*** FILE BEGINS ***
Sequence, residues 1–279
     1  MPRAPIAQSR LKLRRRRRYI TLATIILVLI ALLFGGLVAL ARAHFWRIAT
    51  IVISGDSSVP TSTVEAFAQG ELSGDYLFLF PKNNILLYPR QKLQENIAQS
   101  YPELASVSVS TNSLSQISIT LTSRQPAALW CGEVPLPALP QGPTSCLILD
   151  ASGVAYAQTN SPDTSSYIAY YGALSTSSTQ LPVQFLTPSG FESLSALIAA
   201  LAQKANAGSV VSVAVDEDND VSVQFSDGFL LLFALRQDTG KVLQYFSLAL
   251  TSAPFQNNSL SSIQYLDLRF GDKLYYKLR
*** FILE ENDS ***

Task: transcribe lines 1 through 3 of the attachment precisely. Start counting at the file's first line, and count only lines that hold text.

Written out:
Sequence, residues 1–279
     1  MPRAPIAQSR LKLRRRRRYI TLATIILVLI ALLFGGLVAL ARAHFWRIAT
    51  IVISGDSSVP TSTVEAFAQG ELSGDYLFLF PKNNILLYPR QKLQENIAQS